apathy, phantasms,

or even a wild infatuation

with one bourgeois fad or another,
all this is common knowledge.

Blue, though light blue.

There are only six cars
going in circles in this place.

There's...

the garbage truck.

There's...

the water pipe repair truck.

There's the police.

There's a jeep marked "Telegraf"...

no idea what it's doing.

There's a mysterious small blue van

and a Toyota with tinted windows.

As for the other possibilities:

I dismissed the coal truck,

the delivery truck dismissed me,

and the other businessmen...

No thanks.

Magadan, Magadan.

7 a.m.

The sun isn't up yet.

It's kind of cold.

Long time since I've seen a real city.

And traffic lights.

Though they're only

blinking orange

at this hour.

Soldiers are on duty
in front of the bus station.

"Magadan Hotel", "Magadan Restaurant",

"Magadan" bus station,

"Magadan" bus.

Maybe I'll call France

and tell them I'm finally here.

It's 8 p.m. back there.

Yesterday.

So...

I was looking for the post office

to see if it was open, and make my call.

I was rounding the corner

of Lenin Street...

Ah!
I have to interrupt this live broadcast!

So I have to tell you this story

while the immersion heater

remedies

the lack of hot water.

They gave me a bucket
and an immersion heater

to get washed.

I guess I must

have looked like someone

who's been doing
a little too much traveling.

So I was looking for the post office

so I could make my phone call

and as I was turning
the corner of Lenin Street...

There he was.

But he didn't give a damn.
He was looking the other way.

Into the morning fog.

Just then,

a squad of policemen
escorting a drunk woman

came out of the building
across from the "Magadan Hotel",

behind the bus station

that turned out to be...

that turned out...

Behind the building
opposite the "Magadan Hotel",

near the Lenin monument,

behind the bus station,

that turned out
to be the police headquarters.

Oh well.

I have to admit I was not unnoticeable

with my three bags

and my mug looking as if...

How should I put it?

Well. Anyway.

Anyway, they arrested me of course,

and they asked me where I came from...

My passport, my visa...

They started thinking

I had been on Russian soil for two years

because I had a visa

from two years ago.

And when I explained that I came by bus,

that I hadn't flown in from Paris,

they had a hard time believing me.

That I had come

by road from Yakutsk...

So I ended up in the back of their car

for a little

routine check.

Only instead of taking me in
to headquarters, where we were,

they started joking around

and saying they would take me
for a short tour of the city.

And we landed
somewhere in the industrial harbor.

And there...

There, they stopped the car,

got out,

took out a bottle of vodka

that had already been tapped into,

as I had noticed.

And they asked me if I was in for a drink.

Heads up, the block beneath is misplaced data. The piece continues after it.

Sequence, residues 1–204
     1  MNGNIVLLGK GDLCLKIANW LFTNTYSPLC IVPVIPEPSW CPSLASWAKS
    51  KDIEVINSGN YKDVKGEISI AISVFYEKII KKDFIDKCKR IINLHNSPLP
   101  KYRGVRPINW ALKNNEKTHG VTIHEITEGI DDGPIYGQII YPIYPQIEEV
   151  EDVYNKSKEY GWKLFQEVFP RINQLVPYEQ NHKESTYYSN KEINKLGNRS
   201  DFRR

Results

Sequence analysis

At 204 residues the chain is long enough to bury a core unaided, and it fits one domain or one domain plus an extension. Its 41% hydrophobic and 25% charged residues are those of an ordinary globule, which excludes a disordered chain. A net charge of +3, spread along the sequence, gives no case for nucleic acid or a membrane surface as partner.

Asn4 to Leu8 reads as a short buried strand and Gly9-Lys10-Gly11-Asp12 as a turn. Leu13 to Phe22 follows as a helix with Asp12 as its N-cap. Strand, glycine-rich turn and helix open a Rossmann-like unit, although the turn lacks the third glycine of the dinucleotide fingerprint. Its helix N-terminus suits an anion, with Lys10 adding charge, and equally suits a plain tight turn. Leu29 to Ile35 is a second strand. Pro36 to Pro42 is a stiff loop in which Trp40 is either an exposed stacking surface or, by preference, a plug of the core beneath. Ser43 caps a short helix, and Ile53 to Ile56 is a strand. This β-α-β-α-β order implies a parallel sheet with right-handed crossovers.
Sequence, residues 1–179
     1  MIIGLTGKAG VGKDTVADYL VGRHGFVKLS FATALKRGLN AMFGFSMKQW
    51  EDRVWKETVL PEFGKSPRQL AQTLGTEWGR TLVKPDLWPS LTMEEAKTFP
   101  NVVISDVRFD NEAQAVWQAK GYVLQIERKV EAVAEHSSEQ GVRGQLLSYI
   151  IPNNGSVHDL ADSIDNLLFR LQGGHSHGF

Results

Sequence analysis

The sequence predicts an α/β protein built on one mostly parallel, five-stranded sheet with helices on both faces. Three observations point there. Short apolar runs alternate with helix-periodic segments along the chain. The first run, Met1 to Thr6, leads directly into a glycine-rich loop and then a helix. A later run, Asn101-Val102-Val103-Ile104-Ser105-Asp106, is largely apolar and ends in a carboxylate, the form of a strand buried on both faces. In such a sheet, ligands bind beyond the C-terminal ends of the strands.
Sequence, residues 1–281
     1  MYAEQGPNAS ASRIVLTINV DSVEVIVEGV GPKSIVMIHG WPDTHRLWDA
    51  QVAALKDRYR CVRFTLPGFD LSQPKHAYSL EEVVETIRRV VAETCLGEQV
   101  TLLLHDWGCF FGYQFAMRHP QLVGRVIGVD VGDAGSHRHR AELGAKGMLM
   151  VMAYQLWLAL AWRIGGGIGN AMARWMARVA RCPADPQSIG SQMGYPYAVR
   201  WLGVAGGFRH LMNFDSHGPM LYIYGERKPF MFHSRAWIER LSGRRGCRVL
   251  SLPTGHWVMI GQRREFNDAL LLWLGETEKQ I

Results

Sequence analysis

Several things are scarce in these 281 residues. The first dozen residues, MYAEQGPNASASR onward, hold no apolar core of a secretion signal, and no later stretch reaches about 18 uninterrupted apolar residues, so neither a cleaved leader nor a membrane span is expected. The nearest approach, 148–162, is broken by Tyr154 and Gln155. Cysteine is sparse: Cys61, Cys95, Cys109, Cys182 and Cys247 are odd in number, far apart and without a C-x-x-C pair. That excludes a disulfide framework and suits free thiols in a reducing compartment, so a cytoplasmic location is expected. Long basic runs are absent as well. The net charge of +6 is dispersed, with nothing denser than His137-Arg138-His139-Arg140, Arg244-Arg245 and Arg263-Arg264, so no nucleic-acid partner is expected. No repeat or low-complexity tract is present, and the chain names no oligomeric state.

So I tried the classic bad liver trick.

The funny thing is

that I learned the word for liver,
"petchen",

because I bought a tin

of cod liver.

I thought it was cod

but it was cod liver.

That's how I learned the word for liver.

A very useful word,

proving that there's a very fine line

between cod-liver oil

and preventing alcoholism.

So, at that point

they got out of the car...

Strangely, they grabbed a machine gun,

one of them

started putting on a pair of gloves...

Gloves for doing the dishes,
yellow rubber gloves...

The bottle of vodka...

There was a brief dubious moment.

Then it seems they were called
over the radio to go somewhere else

and we drove like mad across town.

As soon as they got there,

they were called to headquarters.

A screeching U-turn
and back to headquarters.

There, in the headquarters,

I met their boss

and things worked out.

He was very nice.

I just need to have my visa registered.

So he called
the Director of the Visa Office for me,

where I had to go.

Then they actually took me there

to get it registered.

But the office was still closed,
it was too early.

So they took me to the hotel,
the "Magadan Hotel",

across the street
from where they had nabbed me,

and they turned me in to the "diejurnaia".

So now I'm in my room

with a view

of Magadan.

I can see another hotel.
Maybe they have hot water.

Probably not,

because it's usually supplied
to the whole neighborhood or city.

So that was my introduction

to Magadan.

And the funny thing is,
when I explained

I had come in short steps,

"po etapam" as I said in Russian,

they told me

that the term was specific

to deportees.

"Po etapam" is the way they were

transferred from one prison to another

all the way to Siberia.

So I said: "So, here I am."

I forgot to say something.

When they took me
to the industrial harbor

they said:

"See, this is the beautiful bay
facing the city."

And I couldn't help replying:

"Sure: the Bay of Nagaievo."

So they looked at me and went:

"I thought it was your first time here."

So I said: "It is,
but there's a famous song by Vysotsky:

You haven't seen
the Bay of Nogaiisk, etc."

So they said: "Okay. Fine. Whatever."

And so it was

that after a bathroom scene,
which was burlesque yet comforting,

and sporting his least soiled shirt,

he stepped out

into the brisk sea air.

This film was shot
in August and September 1999.

Martine Cornet read the excerpts from:

"Imperialism,
The Highest Stage of Capitalism"

and "Left-Wing Communism:
an Infantile Disorder"

by Lenin, written in 1916 in Zurich,

and in April 1920,
back in Russia.

"Soviets Plus Electricity" was self-produced
and the work print was made

with the technical means
of L'Abominable,

a cooperative film lab in Paris.

Thanks to the support
from the French Ministry of Culture

an optical sound print
could be made by the Cinédia laboratory.

Translation by P. Chodorov / N. Rey
Subtitling by SUBS Hamburg